Traci couldn’t find the GameCube games she was looking for (mostly Pikmin), so for Christmas she bought me a Game Boy Advance SP. This was a very unexpected surprise. I hadn’t really used a Game Boy since the original one I owned was stolen/lost a dozen years ago.

To cut right to it, I returned my GameCube system to the store and am now the happy owner of a handful of GBA games, with more on the way (a new Zelda comes out next week).

I’ve also played a fair amount of Halo (1) lately, and did a lot of game research over the holidays, trying to catch up on what the game market looks like today. It all put something in perspective for me: I like 2d games. The lure of Halo 2 and Grand Theft Auto is strong, but I won’t buy an Xbox or PS2 just to play those games.

Advance Wars The GBA has a number of things going for it:

  • Portability. It’s a lot easier to flip open the GBA and play for 10 minutes wherever I am than dedicate time to sit in front of the television.
  • Inexpensive games. I bought Advance Wars 2 (see image) for $10 at Best Buy, but $25-30 is common for most new titles.
  • RPGs. It turns out RPGs work well on a portable system, and the GBA has a few good ones.
  • Good-enough graphics. While there are first-person shooters and 3d racing games, the system is much better at pre-rendered sprites, multiple backgrounds for depth, and that sort of thing.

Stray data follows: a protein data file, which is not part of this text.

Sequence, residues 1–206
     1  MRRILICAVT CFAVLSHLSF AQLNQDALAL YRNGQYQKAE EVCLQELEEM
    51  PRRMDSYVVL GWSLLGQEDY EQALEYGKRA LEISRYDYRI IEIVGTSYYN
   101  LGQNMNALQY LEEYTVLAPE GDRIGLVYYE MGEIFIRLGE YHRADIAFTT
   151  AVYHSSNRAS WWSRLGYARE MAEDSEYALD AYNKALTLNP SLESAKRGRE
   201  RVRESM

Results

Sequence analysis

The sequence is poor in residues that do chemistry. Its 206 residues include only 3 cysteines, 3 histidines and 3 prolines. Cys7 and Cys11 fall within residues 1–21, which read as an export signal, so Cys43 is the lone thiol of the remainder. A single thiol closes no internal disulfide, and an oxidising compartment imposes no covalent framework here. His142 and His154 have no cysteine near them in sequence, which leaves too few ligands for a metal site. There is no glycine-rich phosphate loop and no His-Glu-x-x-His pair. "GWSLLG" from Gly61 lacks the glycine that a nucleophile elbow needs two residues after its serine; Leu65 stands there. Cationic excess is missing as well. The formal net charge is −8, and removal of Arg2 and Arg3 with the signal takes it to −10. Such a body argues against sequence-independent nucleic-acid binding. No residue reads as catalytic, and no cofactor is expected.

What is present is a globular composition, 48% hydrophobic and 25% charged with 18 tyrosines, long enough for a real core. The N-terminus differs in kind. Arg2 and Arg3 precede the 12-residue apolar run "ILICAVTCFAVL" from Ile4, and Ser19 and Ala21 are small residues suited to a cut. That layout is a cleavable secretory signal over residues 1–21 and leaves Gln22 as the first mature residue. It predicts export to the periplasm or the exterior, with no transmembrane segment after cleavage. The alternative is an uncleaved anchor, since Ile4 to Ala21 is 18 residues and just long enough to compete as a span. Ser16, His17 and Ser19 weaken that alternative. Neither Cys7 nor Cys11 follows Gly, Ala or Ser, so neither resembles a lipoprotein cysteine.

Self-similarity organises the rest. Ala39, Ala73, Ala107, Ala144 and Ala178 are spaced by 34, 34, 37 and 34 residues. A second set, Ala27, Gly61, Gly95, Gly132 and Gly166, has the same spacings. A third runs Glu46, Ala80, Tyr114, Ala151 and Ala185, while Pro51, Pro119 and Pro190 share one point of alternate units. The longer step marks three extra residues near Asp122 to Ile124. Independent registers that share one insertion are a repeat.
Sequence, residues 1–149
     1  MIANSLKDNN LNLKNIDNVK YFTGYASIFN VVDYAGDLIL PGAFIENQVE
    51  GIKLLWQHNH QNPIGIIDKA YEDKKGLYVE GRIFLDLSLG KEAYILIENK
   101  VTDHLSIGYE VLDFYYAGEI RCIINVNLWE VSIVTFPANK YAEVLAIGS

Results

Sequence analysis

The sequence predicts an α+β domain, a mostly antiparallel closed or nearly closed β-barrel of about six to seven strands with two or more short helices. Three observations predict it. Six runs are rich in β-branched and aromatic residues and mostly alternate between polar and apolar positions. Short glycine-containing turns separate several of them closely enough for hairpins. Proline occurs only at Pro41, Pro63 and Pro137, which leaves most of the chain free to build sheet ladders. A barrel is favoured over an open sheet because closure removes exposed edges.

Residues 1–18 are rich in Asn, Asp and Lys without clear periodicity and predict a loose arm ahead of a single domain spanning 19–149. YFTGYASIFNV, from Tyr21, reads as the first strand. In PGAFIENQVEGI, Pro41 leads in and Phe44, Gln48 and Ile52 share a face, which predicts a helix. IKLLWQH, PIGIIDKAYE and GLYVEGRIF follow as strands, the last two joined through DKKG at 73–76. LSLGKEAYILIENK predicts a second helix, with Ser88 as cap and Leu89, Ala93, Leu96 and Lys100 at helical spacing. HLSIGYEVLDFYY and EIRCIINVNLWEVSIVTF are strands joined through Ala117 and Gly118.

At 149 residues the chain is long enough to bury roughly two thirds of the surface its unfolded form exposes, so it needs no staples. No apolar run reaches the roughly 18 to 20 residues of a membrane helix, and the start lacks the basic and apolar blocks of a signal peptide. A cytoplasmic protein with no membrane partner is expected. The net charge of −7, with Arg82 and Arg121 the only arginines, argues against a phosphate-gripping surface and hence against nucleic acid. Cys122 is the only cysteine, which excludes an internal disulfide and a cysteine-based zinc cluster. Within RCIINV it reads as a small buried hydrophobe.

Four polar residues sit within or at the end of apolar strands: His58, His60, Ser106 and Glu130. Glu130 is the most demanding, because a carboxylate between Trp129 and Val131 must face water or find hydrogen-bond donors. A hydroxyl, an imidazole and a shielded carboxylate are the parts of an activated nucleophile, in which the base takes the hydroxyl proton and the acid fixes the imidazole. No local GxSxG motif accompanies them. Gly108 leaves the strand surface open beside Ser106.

• Battery. 10-15 hours or more on a charge.
  • Hacking. An active developer community, mostly hobbyists. I wrote a test “game” over the holidays.

But, you ask, what about the Nintendo DS? Isn’t the GBA obsolete?

I hope not. The DS is an innovative system, but it’s not a new Game Boy. It’s too expensive, too big, and too different. Nintendo wants to position the DS as a higher-end portable to go head-to-head with the Playstation Portable, but new GBA games will still be released over the next year or two. We are also seeing new GBA add-on gadgets, such as the wireless adapter and upcoming movie player. Some people speculate that a real Game Boy to replace the SP may come out in 2006.

Joystiq has some good points about the DS and PSP:

“The fact is, Nintendo just needed a product to head off Sony’s entry into the portable market. They knew Sony’s attack was inevitable and they planned well for it. They know that, as long as the DS competes with the PSP, the GBA can continue to be the money-maker it is. The high-end DS and PSP can disappear for all Nintendo cares. They’ll still have their little gem.”

The Xbox and PS2 seem to dominate the press, so it surprised me that the GBA was the best-selling game system in North America in 2004, with good holiday sales despite the Nintendo DS introduction.

Here’s what Retrogaming has to say:

“However, now with the advent of the Nintendo DS, I’m a bit worried that nobody will continue making quality 2D games for the precious system for very long. Even Nintendo themselves have already put Advance Wars 3 out on the DS. I understand they want some good launch titles for the system to fend off the PSP, but I’m still worried.”

The biggest risk to the GBA is that developers will focus their effort on DS-only games. But for now, I want to play some fun games again, and the GBA accomplishes that quite nicely.